EXCLUSIVE: Ipid closed cases prematurely to attract funding
A probe by investigative unit Viewfinder and Eyewitness News revealed that some of the cases that are alleged to have been closed without proper investigation include those of rape, death as a result of police action and death in police custody.
JOHANNESBURG - The Independent Police Investigative Directorate (Ipid) has been prematurely closing cases without proper investigations just to meet targets and attract more funding.
Evidence shows that some investigators have been carrying out these shortcut investigations, which first emerged seven years ago.
A probe by the investigative unit Viewfinder and Eyewitness News reveals a paper trail of reports by the Public Protector’s office, and by Ipid’s risk and ethics department, pointing to a systemic failure to properly investigate cases.
Some of the cases that are alleged to have been closed without proper investigation include those of rape, death as a result of police action and death in police custody.
Despite the Public Protector ringing the alarm way back in 2012, there is no evidence to show that the issue was ever dealt with.
Analysing the provincial reports, a common thread emerges: Ipid investigators reported that there was pressure on them to claim that cases were completed just so they appeared to have met monthly targets.
The directorate appears to be under pressure to meet these targets to appease Treasury in order that it increases their funding.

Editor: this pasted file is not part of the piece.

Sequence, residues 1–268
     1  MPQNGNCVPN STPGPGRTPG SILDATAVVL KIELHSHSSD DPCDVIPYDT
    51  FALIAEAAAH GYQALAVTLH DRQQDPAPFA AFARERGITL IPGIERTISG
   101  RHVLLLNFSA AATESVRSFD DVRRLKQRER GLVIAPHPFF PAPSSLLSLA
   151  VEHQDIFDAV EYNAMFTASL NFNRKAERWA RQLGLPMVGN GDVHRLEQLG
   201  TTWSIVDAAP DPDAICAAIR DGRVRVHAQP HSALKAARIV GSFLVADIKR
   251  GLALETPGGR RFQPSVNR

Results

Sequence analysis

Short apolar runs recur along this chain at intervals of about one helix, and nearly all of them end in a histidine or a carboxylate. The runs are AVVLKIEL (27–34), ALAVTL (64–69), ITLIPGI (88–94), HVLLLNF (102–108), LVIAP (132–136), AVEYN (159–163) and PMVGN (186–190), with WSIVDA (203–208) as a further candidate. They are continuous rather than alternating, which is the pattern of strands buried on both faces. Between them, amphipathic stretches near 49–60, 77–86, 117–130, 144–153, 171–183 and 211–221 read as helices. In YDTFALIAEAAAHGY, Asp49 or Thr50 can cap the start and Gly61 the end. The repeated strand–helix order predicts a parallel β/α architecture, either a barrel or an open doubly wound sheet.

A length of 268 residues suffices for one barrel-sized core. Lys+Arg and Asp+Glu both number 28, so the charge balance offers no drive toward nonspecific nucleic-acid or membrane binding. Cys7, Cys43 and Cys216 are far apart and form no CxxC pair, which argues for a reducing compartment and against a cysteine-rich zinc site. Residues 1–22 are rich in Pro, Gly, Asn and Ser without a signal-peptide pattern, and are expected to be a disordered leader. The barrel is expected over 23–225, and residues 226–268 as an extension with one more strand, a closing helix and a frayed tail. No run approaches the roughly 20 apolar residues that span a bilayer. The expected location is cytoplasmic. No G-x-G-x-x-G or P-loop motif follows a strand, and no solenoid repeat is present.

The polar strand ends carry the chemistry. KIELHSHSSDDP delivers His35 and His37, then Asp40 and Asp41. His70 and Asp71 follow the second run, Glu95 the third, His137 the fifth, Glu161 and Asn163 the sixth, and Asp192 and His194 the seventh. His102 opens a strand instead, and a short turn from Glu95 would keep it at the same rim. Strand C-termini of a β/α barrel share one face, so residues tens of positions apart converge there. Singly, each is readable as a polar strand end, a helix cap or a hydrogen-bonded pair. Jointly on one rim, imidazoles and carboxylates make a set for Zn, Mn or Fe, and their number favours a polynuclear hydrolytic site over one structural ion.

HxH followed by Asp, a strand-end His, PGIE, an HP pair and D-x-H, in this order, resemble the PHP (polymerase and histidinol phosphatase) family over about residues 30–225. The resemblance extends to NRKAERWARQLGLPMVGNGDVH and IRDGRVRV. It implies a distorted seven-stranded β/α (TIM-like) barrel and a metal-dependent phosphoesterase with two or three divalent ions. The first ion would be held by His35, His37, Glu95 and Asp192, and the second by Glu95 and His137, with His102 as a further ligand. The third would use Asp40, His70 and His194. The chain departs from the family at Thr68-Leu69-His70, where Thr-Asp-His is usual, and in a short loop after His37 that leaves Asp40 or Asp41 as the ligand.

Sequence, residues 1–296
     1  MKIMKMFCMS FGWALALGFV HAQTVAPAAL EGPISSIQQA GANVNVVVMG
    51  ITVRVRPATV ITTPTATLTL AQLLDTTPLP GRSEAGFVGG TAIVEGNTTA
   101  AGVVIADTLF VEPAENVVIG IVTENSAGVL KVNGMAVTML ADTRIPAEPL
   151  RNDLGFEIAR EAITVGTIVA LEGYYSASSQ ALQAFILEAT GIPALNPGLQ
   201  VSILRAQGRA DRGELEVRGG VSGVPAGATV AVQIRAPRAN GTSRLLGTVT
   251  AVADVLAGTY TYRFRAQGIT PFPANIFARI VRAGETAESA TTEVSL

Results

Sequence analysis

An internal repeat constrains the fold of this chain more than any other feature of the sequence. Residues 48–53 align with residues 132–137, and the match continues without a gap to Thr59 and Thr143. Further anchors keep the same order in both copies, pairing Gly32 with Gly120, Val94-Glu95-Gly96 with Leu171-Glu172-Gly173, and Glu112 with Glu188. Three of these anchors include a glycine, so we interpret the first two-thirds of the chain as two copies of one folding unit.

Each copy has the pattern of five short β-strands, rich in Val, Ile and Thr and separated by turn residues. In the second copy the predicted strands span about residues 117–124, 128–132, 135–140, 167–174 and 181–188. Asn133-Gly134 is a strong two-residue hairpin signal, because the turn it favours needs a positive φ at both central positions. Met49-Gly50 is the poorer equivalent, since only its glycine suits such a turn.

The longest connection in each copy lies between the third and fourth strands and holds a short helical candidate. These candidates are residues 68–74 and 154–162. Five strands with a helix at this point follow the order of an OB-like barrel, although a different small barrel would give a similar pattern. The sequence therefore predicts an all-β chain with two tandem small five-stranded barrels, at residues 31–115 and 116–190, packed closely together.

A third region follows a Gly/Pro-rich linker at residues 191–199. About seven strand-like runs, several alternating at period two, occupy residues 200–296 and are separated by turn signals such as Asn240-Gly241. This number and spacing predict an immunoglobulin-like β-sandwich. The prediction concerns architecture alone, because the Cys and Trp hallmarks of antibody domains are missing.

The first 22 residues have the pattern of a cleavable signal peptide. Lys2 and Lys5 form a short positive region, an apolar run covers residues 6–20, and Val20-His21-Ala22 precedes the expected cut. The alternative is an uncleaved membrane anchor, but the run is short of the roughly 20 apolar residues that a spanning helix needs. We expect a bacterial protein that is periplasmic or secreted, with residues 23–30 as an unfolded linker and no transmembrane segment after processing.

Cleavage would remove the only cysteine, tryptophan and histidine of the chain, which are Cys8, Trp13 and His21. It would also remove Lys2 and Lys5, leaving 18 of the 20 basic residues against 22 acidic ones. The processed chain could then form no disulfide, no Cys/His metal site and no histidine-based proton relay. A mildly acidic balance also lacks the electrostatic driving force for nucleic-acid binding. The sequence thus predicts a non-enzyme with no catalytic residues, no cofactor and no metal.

During his testimony at the state capture commission, former Ipid boss Robert McBride admitted that officers were using a special closure clause in Ipid’s standard operations procedure to inflate statistics, creating a false impression that the directorate was performing better than it actually was.
In an interview with Viewfinder, Ipid’s head of investigation Matthews Sesoko said these allegations emerged between March 2015 and October 2016, the period that he and McBride were on suspension.
“When we returned, there were investigators who reported this to our integrity unit. Mr McBride instructed them to investigate these allegations.”
But the documents that EWN & Viewfinder have seen show that Ipid’s former head of ethics and risk, Amar Maharaj, alerted McBride to the short cut investigations as early as 2014.
In a statement, Ipid dismissed the allegations as untested and unproven.
Ipid said it had no evidence that its investigators had been prematurely closing cases to manipulate the number of completed investigations.
Ipid’s management said there was no evidence of completion rates statistics being manipulated during the 2015/2016 financial year.
This is despite EWN having seen three provincial reports from Maharaj, who alerted McBride of the officers' concerns in 2014. The directorate said its integrity strengthening unit was currently inspecting dockets to determine if there was any merit to the allegations.